“There’s a misconception that body-weight exercises are less effective for building strength than loaded ones, so they’re often thought of as ‘the beginner’s routine,’ ” says certified strength and conditioning specialist Mike Robertson, founder of Robertson Training Systems in Indianapolis. But, “I’ve destroyed super-fit clients using nothing but their own weight as resistance.”
As deceptively tough as body-weight moves can be, they offer a unique perk. “By eliminating the extra stress of weights, your brain has one less thing to worry about, so you can zero in on your form and stability,” says Robertson. People forget that adding weights can be a challenge and cause you to shy away from using a full range of motion, he adds. (Consider the squat: Throw in a kettlebell right away and you might not drop as low with every rep.) “You’d actually be doing yourself a disservice, since you’re not activating the right muscles to their fullest potential.”
This ubereffective total-body workout from Robertson keeps things simple so you can squeeze the full benefits from every rep and fast-track your results. (Heads up: There is a bench involved, to get your body into an ideal position—”body weight” just means no added weight-bearing equipment. But you could use a couch or park bench instead.)
Hit the circuit two or three times a week to see changes in as little as three weeks. Starting with the first exercise, perform all sets and reps as instructed. Then complete the next two moves (2A and 2B) as a superset: Do all reps of move A and move B without resting, then rest 60 seconds before repeating for two or three total sets; continue this pattern for the next four exercises (3A and 3B, 4A and 4B). Finish with one set of the final two moves.
How to: Stand with feet shoulder-width apart, arms at your sides, then push your hips back and bend your knees to lower into a squat (a). Jump off the floor as you raise your arms overhead (b), then sit back into your squat when you land; hold for three seconds. That’s one rep; do five. Rest for 60 seconds, then repeat twice for three total sets.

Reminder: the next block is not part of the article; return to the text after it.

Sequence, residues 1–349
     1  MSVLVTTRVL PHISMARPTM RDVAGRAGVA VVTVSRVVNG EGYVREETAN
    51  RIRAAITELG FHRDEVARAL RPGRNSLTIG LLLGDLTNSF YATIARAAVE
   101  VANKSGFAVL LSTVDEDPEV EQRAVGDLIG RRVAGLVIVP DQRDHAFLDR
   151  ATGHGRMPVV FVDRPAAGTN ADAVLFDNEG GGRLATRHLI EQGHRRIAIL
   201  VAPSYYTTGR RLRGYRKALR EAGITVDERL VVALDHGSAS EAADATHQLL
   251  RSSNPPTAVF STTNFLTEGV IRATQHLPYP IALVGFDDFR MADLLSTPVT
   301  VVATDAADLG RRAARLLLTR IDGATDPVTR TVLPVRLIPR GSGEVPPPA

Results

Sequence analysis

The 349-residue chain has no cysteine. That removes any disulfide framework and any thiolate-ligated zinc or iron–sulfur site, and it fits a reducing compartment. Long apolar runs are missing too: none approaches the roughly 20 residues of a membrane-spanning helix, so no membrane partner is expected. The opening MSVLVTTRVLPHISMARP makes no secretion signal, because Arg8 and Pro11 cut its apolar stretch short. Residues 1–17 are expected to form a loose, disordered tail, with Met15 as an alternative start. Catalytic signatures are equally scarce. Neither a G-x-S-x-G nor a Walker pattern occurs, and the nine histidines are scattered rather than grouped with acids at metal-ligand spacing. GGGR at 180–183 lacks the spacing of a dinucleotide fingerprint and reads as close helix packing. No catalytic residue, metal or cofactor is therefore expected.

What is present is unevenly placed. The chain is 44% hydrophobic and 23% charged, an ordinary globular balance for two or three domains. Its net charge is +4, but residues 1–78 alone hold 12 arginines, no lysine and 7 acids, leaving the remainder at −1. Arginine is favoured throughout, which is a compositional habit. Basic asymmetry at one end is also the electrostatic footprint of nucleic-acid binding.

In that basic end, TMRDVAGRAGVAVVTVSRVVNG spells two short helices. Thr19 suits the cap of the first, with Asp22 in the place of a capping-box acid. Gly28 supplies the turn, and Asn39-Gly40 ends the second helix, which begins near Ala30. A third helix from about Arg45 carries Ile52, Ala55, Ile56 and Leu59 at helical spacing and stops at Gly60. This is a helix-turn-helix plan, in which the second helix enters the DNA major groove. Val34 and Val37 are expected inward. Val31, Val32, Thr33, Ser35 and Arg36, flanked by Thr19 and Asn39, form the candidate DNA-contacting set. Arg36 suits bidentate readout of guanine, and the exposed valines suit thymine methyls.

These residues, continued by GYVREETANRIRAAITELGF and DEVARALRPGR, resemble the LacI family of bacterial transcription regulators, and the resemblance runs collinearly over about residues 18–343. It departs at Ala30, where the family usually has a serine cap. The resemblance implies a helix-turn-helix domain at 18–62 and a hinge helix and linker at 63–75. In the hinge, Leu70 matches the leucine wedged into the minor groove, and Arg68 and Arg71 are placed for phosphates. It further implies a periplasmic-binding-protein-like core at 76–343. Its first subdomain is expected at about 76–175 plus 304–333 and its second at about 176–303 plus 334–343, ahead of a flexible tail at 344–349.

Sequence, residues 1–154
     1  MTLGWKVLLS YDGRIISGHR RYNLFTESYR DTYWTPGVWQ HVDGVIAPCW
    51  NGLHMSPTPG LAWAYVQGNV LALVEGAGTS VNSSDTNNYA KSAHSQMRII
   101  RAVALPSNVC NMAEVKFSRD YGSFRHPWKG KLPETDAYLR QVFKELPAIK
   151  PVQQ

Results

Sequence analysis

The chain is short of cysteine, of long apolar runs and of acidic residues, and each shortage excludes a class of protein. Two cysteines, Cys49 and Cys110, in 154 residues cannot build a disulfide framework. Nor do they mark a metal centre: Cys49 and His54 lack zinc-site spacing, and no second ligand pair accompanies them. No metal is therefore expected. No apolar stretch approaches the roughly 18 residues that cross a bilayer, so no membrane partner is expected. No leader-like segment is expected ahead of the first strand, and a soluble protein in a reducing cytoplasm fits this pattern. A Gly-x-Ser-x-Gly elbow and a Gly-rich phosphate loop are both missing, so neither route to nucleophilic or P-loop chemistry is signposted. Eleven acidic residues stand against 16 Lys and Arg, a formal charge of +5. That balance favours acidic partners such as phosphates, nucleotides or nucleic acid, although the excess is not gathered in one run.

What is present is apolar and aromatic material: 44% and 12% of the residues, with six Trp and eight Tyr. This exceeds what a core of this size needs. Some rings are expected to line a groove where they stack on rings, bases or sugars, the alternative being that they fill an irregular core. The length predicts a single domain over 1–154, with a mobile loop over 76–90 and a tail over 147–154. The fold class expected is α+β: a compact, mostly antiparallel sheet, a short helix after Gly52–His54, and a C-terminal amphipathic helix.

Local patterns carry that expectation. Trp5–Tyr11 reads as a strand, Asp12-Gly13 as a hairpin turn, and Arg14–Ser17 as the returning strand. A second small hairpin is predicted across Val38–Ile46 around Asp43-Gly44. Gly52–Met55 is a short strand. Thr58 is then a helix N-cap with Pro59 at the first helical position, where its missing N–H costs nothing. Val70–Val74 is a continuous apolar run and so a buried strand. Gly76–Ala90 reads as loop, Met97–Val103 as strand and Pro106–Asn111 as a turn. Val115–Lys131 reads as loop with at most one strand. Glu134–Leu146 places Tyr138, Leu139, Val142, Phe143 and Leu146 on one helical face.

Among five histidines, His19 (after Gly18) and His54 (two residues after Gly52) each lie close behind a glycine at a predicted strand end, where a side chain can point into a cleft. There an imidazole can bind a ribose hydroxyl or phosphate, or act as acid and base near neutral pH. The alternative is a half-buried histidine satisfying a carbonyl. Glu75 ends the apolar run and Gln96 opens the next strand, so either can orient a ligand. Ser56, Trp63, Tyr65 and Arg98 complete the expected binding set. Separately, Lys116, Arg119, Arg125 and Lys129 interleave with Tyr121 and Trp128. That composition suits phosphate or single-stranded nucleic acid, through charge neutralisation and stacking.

Make it tougher: Jump as high as you possibly can—your glutes will have to fire harder to generate the force.
How to: Stand with your left foot in front of your right, and prop the top of your right foot on a bench behind you (a). Reach your arms directly in front of you at shoulder level, then slowly bend your knees to lower your body as low as you can (b); pause, then push yourself back up to start. That’s one rep; do eight to 12, then switch sides.
Make it tougher: Place your front foot on a short step to increase the distance your body has to travel down to the floor (and back up).
Switch up your squat with these 20 variations that will help you tone your butt:
How to: Start in a pushup position, wrists under your shoulders and legs extended so your body forms a straight line (a). Brace your core and bend your elbows to lower your chest toward the floor (b), then quickly press through your palms to extend your arms. Push your hips up and back so your body forms an inverted V (c). Reset at start. That’s one rep; do eight to 12.
How to: Stand with your feet together, a slight bend in your knees, your left arm outstretched in front of you and your right arm at your side (a). Shift your weight onto your right foot as you raise your left leg behind you, then hinge forward at your hips until your torso is near parallel to the floor (b). Reverse the movement to stand on your right leg, then bring your left knee and your right elbow almost to touch (c). That’s one rep; do eight to 12, then switch sides.
Make it tougher: Keep your raised foot totally off the floor between reps to better challenge your balance. (The Slim, Sexy, Strong Workout DVD is the fast, flexible workout you’ve been waiting for!)
How to: Lie on your back with knees bent, feet together, and arms reaching toward the ceiling, then lift your legs so they form a 90-degree angle with the floor (a). Engage your core as you extend your left leg and right arm in opposite directions a few inches off the floor (b). Reverse the movement to return to start. That’s one rep; do eight to 12, then switch sides.
How to: Sit on the floor with your upper back resting on the edge of a bench, feet flat and knees bent; press your right foot into the floor as you raise your left foot (a). Push your hips up until your body is parallel to the floor and your left foot points to the ceiling (b). Lower your hips to return to start. That’s one rep; do eight to 12, then switch sides.
How to: Get into a modified pushup position with your elbows bent and your weight resting on your forearms, your body forming a straight line from shoulders to ankles. Brace your core and hold for 45 to 60 seconds.
Make it tougher: Raise one foot, one arm, or both (on opposite sides) to challenge your stability (which comes from your core).
How to: Stand with your feet shoulder-width apart (a), then push your hips back and bend your knees to lower into a squat, reaching your arms in front of you (b); press through your heels to return to start. That’s one rep. Then place your hands on a step or bench and get into a pushup position, wrists under shoulders and legs extended (c). Brace your core and bend your elbows to lower your chest toward the bench (d). Quickly press back up to start. That’s one rep; immediately reset at start and do two reps of each, then continue the pattern (adding one rep to each) until you hit eight to 15 total reps, resting only as needed.
Make it tougher: Place your hands on the back of your head (called “prisoner stance”) so your arms can’t work to counterbalance you.